A recent poll conducted by the Office Team found that 76 percent of employees polled had no desire to grow into their manager’s position. While 3 percent responded that this question does not apply to them, only 21 percent of the 648 workers polled showed some interest in management.
These are some alarming numbers to environmental employers who expect 23 percent of the environmental workforce in Canada to reach the age of retirement by 2020, anticipate growth in their industry and, most importantly, within their own companies. These factors will likely lead to a major shortage of qualified candidates to fill more intermediate to senior roles.
But don’t all employees want to get promoted and progress in their careers? Why the apprehension to take on more responsibility? Robert Hosking, executive director of the Office Team explains, "Many aspects of management involve making difficult, sometimes unpopular decisions, and not everyone is comfortable in this role. Being a strong individual contributor does not necessarily equate to being an effective leader.”
When asked whether they thought they could do a better job than their manager, a whopping 65 percent of respondents answered no with only 28 percent responding yes (7percent said the question doesn’t apply).
One could speculate that this lack of confidence and apprehension to transition to management is partially due to a fear of failure – with many new managers being thrust into their new roles without adequate training or support. Another simple and likely reason is that not everyone is cut out to be a manager, nor does everyone have the traits to be a successful leader.
Because of these challenges, management should be constantly identifying key employees and future leaders within the organization now and guiding them according to their strengths. According to the Office Team, good leaders possess the following 7 traits:
Integrity: The best managers foster trust among employees by placing ethics first.
Sound judgment: Top supervisors can be counted on to make tough decisions based on logic and rationale.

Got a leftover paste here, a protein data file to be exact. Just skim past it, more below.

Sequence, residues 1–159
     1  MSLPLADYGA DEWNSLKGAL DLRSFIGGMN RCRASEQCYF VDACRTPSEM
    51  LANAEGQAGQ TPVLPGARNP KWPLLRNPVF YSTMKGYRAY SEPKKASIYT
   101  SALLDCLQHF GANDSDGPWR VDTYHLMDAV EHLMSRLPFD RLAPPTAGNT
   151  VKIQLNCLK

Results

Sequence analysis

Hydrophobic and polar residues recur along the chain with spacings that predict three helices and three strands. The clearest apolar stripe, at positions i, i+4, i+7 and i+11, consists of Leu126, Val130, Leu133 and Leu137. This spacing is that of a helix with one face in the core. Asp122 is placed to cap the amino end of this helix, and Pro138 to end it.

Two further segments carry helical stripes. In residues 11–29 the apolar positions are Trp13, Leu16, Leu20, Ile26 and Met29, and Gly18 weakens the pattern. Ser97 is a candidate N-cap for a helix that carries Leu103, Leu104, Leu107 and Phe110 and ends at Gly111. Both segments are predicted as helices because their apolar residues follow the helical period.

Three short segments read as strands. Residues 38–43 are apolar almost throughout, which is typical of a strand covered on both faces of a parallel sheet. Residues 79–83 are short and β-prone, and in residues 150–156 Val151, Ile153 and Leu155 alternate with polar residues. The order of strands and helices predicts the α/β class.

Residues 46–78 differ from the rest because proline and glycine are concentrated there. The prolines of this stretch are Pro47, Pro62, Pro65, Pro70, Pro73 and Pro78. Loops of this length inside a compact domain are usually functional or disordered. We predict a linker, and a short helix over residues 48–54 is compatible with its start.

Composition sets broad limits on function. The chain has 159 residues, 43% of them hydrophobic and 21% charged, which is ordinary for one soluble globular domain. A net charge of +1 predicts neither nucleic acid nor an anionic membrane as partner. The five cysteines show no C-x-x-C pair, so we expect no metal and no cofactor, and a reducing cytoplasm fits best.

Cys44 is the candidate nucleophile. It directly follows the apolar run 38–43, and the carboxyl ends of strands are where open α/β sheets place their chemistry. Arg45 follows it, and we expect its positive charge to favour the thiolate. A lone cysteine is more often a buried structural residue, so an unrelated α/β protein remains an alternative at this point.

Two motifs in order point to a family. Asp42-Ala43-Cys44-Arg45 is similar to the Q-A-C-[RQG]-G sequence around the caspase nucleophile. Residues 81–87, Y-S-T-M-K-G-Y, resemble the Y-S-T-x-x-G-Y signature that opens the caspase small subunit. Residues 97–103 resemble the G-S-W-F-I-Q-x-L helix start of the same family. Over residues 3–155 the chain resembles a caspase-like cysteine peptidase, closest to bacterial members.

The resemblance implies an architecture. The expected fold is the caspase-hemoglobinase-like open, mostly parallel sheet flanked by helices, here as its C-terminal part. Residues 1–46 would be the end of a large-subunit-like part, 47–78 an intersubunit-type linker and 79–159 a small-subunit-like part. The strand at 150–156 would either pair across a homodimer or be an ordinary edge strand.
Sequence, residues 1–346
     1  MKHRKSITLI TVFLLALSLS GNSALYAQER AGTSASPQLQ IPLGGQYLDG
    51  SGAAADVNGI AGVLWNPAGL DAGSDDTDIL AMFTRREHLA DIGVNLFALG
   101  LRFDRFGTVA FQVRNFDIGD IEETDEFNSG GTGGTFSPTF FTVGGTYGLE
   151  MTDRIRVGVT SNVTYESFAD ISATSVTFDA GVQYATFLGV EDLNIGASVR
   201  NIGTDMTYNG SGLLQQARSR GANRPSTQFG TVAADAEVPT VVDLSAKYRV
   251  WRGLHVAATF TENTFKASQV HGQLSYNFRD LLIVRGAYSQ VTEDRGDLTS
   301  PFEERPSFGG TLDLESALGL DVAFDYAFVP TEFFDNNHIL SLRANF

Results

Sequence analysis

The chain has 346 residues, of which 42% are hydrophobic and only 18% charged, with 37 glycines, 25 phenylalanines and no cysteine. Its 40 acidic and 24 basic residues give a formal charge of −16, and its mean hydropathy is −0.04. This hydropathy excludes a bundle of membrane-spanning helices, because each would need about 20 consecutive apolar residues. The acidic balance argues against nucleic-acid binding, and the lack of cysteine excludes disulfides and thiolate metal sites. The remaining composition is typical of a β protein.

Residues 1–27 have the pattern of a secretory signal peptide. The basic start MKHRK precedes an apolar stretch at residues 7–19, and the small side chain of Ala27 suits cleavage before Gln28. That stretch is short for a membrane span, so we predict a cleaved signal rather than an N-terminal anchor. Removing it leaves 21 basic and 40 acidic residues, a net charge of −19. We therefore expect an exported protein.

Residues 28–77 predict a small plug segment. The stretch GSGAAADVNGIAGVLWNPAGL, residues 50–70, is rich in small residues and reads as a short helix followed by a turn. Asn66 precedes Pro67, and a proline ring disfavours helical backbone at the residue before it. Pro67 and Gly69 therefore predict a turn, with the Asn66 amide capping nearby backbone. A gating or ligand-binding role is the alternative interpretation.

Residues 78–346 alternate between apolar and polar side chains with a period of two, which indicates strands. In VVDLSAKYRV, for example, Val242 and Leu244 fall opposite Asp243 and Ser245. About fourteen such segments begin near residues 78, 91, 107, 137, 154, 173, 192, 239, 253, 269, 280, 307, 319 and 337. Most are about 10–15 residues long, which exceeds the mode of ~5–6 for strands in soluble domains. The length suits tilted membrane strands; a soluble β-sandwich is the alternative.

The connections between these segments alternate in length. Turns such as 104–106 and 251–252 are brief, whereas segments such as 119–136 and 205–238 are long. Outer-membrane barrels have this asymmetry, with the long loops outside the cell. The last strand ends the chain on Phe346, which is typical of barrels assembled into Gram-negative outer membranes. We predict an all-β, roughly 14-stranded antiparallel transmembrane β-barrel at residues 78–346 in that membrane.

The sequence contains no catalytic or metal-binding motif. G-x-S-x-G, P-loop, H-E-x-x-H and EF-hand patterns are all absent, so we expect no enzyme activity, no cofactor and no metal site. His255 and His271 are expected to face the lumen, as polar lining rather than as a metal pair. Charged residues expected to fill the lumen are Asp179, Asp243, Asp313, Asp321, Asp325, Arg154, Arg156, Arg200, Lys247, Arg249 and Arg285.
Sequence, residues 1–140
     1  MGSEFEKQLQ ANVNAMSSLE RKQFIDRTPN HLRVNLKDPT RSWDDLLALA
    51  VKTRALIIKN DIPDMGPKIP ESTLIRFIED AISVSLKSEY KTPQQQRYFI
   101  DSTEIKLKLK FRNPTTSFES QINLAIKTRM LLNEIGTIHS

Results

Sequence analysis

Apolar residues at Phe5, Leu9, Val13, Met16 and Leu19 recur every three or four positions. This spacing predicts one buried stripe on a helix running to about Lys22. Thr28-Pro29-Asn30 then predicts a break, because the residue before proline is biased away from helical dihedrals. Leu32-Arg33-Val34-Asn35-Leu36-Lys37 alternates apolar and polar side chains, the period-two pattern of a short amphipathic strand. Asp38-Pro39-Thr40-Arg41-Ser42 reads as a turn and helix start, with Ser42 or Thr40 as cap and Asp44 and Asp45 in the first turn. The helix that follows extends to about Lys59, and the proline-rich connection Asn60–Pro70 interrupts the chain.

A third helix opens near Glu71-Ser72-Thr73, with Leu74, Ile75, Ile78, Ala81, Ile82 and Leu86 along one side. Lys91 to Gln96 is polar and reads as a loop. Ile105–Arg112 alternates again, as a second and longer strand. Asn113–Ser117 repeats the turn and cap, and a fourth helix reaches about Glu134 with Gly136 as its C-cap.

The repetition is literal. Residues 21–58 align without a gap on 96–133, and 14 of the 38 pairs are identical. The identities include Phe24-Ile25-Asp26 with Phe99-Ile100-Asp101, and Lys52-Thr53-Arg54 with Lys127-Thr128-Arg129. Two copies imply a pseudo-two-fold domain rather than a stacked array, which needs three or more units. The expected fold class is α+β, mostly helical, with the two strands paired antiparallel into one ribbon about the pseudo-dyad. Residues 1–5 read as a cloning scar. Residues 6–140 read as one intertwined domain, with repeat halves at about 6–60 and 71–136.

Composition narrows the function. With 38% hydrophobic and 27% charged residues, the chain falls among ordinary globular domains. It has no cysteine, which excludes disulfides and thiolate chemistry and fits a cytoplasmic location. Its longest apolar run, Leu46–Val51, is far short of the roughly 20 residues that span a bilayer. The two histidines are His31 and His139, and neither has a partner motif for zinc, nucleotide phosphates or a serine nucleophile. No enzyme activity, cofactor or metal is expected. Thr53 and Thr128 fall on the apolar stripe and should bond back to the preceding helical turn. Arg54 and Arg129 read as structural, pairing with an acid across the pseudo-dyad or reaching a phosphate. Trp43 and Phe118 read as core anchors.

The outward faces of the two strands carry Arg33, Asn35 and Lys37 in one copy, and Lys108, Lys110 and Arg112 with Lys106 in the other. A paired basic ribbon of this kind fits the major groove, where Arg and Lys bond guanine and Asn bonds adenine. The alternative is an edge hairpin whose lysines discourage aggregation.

Diplomacy: Handling challenging situations with tact and discretion is a must. Effective managers don't take all the credit for results — they consistently acknowledge individual and team contributions.
Adaptability: It's essential for leaders to be able to think on their feet. They should be innovative while also encouraging team members to develop creative solutions.
Strong communication skills: To motivate and guide employees, influential managers freely share their vision with others.
Good listening skills: Successful bosses realize they don't have all the answers and seek input from colleagues.
Influence: Great managers build strong networks within the organization to gain support for their ideas.
Once the right individuals, with the desired skills and traits have been identified, it is important to provide adequate training and support as these future leaders transition to their new roles.
The Harvard Stepping up To Management online training program, offered through ECO Canada, assists future leaders develop the fundamental skills needed to make the transition to more challenging managerial roles. This flexible program is designed to help employees enhance their leadership skills and develop transferable people management skills, through 8 targeted modules that are prioritized according to the employee’s needs and role requirements.
In the end, proper planning and the utilization of available tools and resources will help environmental employers be better equipped to deal with the challenges ahead. This forward planning and talent development will also help increase employee engagement, and ultimately strengthen the organization’s prospect for long-term sustainability.